Conservation for the Anthropocene Ocean: Interdisciplinary Science in Support of Nature and People emphasizes strategies to better connect the practice of marine conservation with the needs and priorities of a growing global human population. It conceptualizes nature and people as part of shared ecosystems, with interdisciplinary methodologies and science-based applications for coupled sustainability.
A central challenge facing conservation is the development of practical means for addressing the interconnectedness of ecosystem health and human well-being, advancing the fundamental interdisciplinary science that underlies conservation practice, and implementing this science in decisions to manage, preserve, and restore ocean ecosystems.
Though humans have intentionally and unintentionally reshaped their environments for thousands of years, the scale and scope of human influence upon the oceans in the Anthropocene is unprecedented. Ocean science has increased our knowledge of the threats and impacts to ecological integrity, yet the unique scale and scope of changes increases uncertainty about responses of dynamic socio-ecological systems. Thus, to understand and protect the biodiversity of the ocean and ameliorate the negative impacts of ocean change on people, it is critical to understand human beliefs, values, behaviors, and impacts. Conversely, on a human-dominated planet, it is impossible to understand and address human well-being and chart a course for sustainable use of the oceans without understanding the implications of environmental change for human societies that depend on marine ecosystems and resources.
Conservation for the Anthropocene Ocean therefore presents a timely, needed, and interdisciplinary approach to the conservation of our oceans.
I. Setting the stage
1. Strategies for Bridging the Science-Policy Interface for Adaptive Solutions in the Anthropocene
Jenna Sullivan, Elizabeth Cerny-Chipman, Andrew Rosenberg and Jane Lubchenco
2. Climate Variability, Climate Change, and Conservation in a Dynamic Ocean
Malin Pinsky and Becca Selden
3. The Future of Species in the Anthropocene Seas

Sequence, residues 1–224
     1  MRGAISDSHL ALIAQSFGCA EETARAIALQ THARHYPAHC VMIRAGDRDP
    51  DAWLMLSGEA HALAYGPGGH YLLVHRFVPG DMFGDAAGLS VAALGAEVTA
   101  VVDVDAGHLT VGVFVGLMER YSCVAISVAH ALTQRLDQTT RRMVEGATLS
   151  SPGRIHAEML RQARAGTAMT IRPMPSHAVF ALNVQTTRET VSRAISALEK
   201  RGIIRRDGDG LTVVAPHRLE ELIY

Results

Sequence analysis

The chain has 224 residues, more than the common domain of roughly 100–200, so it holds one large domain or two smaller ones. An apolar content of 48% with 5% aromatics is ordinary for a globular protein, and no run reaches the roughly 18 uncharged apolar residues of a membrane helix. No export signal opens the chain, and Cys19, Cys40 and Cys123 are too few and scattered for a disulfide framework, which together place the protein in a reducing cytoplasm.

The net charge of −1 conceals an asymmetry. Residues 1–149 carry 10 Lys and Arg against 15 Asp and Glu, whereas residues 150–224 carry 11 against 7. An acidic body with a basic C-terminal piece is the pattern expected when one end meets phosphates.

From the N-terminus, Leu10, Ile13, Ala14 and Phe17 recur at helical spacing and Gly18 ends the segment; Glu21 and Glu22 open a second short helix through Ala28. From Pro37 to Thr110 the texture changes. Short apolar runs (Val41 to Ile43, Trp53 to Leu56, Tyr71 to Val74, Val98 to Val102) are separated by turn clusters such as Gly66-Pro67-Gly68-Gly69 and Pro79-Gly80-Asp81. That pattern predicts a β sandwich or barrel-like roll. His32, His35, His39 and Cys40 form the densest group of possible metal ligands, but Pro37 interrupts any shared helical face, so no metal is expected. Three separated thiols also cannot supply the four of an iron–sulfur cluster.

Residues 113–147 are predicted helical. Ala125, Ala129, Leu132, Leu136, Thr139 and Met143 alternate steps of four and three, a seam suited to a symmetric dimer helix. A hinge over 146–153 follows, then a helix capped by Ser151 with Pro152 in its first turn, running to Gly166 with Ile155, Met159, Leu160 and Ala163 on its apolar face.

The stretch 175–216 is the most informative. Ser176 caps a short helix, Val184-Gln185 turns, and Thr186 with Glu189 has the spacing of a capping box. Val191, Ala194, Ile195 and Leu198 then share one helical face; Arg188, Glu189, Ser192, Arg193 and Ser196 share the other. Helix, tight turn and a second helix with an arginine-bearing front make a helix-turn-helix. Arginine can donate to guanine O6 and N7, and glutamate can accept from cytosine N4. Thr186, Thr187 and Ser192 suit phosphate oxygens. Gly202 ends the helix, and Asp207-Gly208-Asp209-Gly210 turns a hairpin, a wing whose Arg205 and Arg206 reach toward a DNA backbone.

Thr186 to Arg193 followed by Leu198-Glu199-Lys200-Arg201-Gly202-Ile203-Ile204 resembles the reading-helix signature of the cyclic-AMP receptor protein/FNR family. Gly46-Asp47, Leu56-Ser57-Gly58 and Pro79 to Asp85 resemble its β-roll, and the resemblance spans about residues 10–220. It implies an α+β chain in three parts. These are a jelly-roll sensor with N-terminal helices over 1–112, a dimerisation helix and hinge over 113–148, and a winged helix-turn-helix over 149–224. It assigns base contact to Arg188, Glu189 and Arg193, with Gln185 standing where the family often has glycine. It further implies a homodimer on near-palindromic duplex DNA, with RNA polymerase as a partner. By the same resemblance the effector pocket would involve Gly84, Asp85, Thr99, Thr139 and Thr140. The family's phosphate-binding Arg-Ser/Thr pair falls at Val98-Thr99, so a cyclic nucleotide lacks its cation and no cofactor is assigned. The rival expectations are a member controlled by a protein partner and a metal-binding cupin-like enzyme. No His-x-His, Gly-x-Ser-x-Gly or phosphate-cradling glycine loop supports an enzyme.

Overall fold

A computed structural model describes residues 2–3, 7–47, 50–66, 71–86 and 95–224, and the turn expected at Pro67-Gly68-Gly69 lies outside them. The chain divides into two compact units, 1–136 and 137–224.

Nick Dulvy and Holly Kindsvater
4. How Can the Oceans Feed 9 Billion People?
Zachary Koehn, Eddie Allison, Nicole Franz and Esther Wiegers
5. Social Resilience in the Anthropocene Ocean
Elena Finkbeiner, Kirsten Oleson and Jack Kittinger
II. Principles for Conservation in the Anthropocene
6. Principles for Interdisciplinary Conservation
7. Creating Space for Community in Marine Conservation and Management: mapping “communities-at-sea”
Kevin St. Martin and Julia Olson
8. Conservation Actions at Global and Local Scales in Marine Social-Ecological Systems: status, gaps, and ways forward
Natalie C. Ban, Aerin Jacob, Charlotte Whitney, Darienne Lancaster, Tammy Davies and Lauren Eckert
9. Ocean Cultures: Northwest coast ecosystems and indigenous management systems
Darcy Mathews and Nancy Turner
10. Blurred Lines: what’s a non-native species in the Anthropocene ocean?
Isabelle M. Côté
11. Can Ecosystem Services Make Conservation Normal and Commonplace?
Kai Chan, Paige Olmsted, Nathan Bennett, Sarah Klain and Elizabeth A. Williams
12. Beyond Privatization: rethinking fisheries stewardship and conservation in the North Pacific
Rachel Donkersloot and Courtney Carothers
13. Addressing Socio-Ecological Tipping Points and Safe Operating Spaces in the Anthropocene
III. Conservation in the Anthropocene in Practice
14. Stakeholder Participation in Marine Management: the importance of transparency and rules for participation
Christine Röckmann, Marloes Kraan, David Goldsborough and Luc van Hoof
15. Marine Conservation as Complex Cooperative and Competitive Human Interactions
Xavier Basurto, E. Blanco, M. Nenadovic and B. Vollan
16. Transdisciplinary Research for Conservation and Sustainable Development Planning in the Caribbean
Katie K. Arkema and Mary Ruckleshaus